Impact of the COVID-19 pandemic on education

James Elder, for the United Nations Children’s Fund (UNICEF), said that even with schools in the northern hemisphere closed for the summer, more than 600 million children in countries not on academic break remained affected by school closures. In nearly half of countries in Asia and the Pacific, schools had been closed for more than 200 days during the pandemic. In Latin America and the Caribbean, after some of the longest closures ever seen, there were 18 countries and territories where schools were still closed or partially closed. Based on its most recent estimates, today UNICEF had reported that 40% of all school-aged children across Eastern and Southern Africa were currently not in school. As a result, education, safety, friends and food had often been replaced by anxiety, violence and teenage pregnancy. Child helplines had seen triple-digit rises.

For at least a third of the world’s school children, remote learning was simply out of reach. Across East Asia and the Pacific, UNICEF estimated that more than 80 million children had not had access to distance learning during school closures. In Eastern and Southern Africa, schools in Uganda had been closed for 306 days and schools in South Sudan for 231 days. In both countries less than 0.5% of school children had Internet access at home.

UNICEF believed the school closures could not continue in the light of clear evidence that primary and secondary schools were not among the main drivers of COVID-19 transmission. It therefore implored Governments to reopen schools as soon as possible, considering that reopening could not wait for all teachers and students to be vaccinated. Governments and donors must also protect education budgets. As schools reopened, enrolment should be extended to those children who had already been out of school before the pandemic, including by removing financial barriers and loosening registration requirements. Cash transfers should be increased, with financing scaled up via a global funding facility, resourced by debt relief savings, international financial institution funds and the fulfilment of official development assistance commitments by donor Governments. The international community should do everything in its power to bring the pandemic to an end, beginning with the universal availability of vaccines. The sharing of available excess doses, for example through the COVAX Facility, was an essential emergency stop-gap measure that was needed immediately.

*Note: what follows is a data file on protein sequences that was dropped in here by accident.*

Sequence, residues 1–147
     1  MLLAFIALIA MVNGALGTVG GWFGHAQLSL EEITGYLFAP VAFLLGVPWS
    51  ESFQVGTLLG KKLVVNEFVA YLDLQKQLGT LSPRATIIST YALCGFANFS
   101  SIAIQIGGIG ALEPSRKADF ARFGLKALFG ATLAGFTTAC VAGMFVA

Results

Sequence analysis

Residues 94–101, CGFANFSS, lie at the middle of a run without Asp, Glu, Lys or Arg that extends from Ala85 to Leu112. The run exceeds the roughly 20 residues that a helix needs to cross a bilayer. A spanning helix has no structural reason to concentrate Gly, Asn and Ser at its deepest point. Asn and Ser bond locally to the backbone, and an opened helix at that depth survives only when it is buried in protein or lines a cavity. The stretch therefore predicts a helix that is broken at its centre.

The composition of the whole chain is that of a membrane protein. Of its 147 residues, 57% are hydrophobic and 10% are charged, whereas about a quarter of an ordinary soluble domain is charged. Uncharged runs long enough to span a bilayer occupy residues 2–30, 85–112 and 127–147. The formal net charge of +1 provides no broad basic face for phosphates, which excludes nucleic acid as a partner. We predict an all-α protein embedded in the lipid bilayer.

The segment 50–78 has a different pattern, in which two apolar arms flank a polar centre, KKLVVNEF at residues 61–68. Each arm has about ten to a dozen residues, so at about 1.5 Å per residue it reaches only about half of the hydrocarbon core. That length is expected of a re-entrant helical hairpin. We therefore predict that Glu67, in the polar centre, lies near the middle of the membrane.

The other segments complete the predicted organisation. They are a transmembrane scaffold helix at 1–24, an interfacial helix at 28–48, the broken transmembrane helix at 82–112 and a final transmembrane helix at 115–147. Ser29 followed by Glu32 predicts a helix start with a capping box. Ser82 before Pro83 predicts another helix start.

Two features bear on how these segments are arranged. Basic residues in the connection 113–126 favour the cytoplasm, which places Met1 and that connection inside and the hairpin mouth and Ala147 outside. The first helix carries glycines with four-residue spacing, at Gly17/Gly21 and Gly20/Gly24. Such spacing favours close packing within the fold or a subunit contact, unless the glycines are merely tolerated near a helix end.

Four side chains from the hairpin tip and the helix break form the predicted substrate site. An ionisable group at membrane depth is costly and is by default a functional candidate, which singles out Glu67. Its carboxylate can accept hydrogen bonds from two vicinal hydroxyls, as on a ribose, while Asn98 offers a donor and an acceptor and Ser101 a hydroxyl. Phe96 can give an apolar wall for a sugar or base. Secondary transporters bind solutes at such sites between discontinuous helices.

Replying to questions from journalists, Mr. Elder welcomed the news that children in South Africa had returned to school. Education was particularly critical for Eastern and Southern Africa, which was experiencing an unprecedented population boom, affording it with a rare opportunity – if it could provide its children with a high quality education – to create full employment and significantly reduce its poverty rate.

Evidence had emerged that Governments in some parts of the world had been too quick to close schools, perhaps indicating that they did not attach sufficient importance to education. It was certainly possible for children to catch up with their education, although in most countries it was unlikely that they could do so within a single year.

Mediterranean boat sinking

Paul Dillon, for the International Organization for Migration (IOM), responding to journalists, said that at 11 p.m. on Sunday, 25 July, a vessel had left the Libyan port of Khums carrying at least 70 people. The boat had run into trouble, taken on water and sunk. Local fishermen and the Libyan coastguard had rescued 18 people. Survivors had told staff from the International Organization for Migration, who regularly responded to such incidents, that at least 57 people were missing, among them at least 20 women and two toddlers. IOM had provided emergency medical assistance, food, water and comfort to survivors from Nigeria, Ghana and the Gambia.

The latest tragedy took the 2021 death toll on the central Mediterranean route to roughly 970 men, women and children. IOM believed that by advocating for better migration management practices, better migration governance and greater solidarity from European Union member States, it would be possible to develop a clear, safe and humane approach to migration that began with saving lives. It was now time for a State-led approach to search and rescue, before more innocent lives were lost.


Rhéal LeBlanc, for the United Nations Information Service (UNIS), said that today at 10 a.m., the Conference on Disarmament would hold a plenary meeting devoted to an open discussion on transparency in armaments. The meeting would mark the beginning of the third and last part of the 2021 session of the Conference.